Desire for Sin
STOPPING OUR SINS ISN'T AS IMPOSSIBLE AS WE MIGHT BELIEVE
Lack of Sorrow
The “desire to sin” is a dynamic topic. It sounds simple, but it isn’t. Many of us are humble enough and realize we desire many sins, but there are others who will say we don’t desire to sin at all. Yet, there are in fact many many ways we desire sin–don’t have contrition for our sins–that most don’t even think about.
But if we still “desire” to offend God in any way at the moment of death, from that mortal desire, we choose Eternal Suffering instead of God’s saving forgiving love. Truly, unless we remove all desire for evil (sin) and grow in grace to desire God alone, at least, upon our death we can’t accept God’s saving forgiving mercy He died to give us since we still prefer sin over God’s love. Therefore, removing our desire for any and all sin is of the upmost importance. Eternity is forever!
“The souls in hell having been found at the moment of death with a will [desire] to sin, have with them an infinite degree of guilt; and the punishment they suffer, though less than they deserve, is yet, so far as it exists, endless.”
–St. Catherine of Genoa
First of all, the “desire to sin” is defined as concupiscence: the desire/inclination to sin, which is from the consequence of original sin that is upon each human’s soul from Adam and Eve’s sin (cf. CCC #405). There are two kinds of “desire to sin:” deliberate and non-deliberate (unintentional) choosing of sin. The deliberate choosing of sin is what this article is written about. The deliberate choosing of sin also has two forms. The first being the deliberate choosing of sin and having a true hatred of the sin with a true resolve to stop. The second is the deliberate choosing of sin but lacking a true hatred for the sin and having no real resolve/desire to stop. This desire to sin, with no honest working effort to stop, is the deadly desire we must rid from our life if we want to accept God’s saving mercy. If we want to read about the non-deliberate choosing of sin, I speak about this briefly in the “What are the Mortal Sins” article (link at bottom of article).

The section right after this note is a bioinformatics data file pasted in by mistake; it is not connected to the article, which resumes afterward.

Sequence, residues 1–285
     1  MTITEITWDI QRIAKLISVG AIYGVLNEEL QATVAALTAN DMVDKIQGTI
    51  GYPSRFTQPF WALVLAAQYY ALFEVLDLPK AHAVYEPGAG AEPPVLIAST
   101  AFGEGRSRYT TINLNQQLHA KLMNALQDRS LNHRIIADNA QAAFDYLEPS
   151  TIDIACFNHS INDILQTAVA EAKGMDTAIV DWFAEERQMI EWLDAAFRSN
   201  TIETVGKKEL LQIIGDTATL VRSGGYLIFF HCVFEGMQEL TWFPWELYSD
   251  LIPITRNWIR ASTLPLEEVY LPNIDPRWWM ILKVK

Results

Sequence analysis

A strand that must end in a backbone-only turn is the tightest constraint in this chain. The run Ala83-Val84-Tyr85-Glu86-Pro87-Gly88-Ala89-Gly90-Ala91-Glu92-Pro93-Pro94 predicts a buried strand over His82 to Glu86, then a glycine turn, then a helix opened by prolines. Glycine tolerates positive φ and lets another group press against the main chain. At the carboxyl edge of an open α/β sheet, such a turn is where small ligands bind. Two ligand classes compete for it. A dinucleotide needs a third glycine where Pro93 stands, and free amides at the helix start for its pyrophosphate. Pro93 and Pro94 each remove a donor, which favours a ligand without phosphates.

The desire to sin: choosing sin without being firmly resolved to stop, lacking determination to never commit it again or not feeling truly sorry for committing any sin, are the sins that lead to our eternal doom and cause us all sorts of the depression, anxiety and problems in life. These are the sins that rejects God’s saving mercy and chooses an eternity in Hell. They are mortal.
This horrible reality of sin is what we must come to truly understand in order to run to Our Savior for the grace to come to truly hate our sinful actions at least enough to not desire them any longer…because if we really understood the horror of sin, we most certainly would avoid any offense against Perfect Goodness like it was the worst of poisons. But we simply don’t believe and still desire much which is sinful. However, without turning to God correctly for His strength–His transforming grace–to be able to amend them from our lives we will surely die.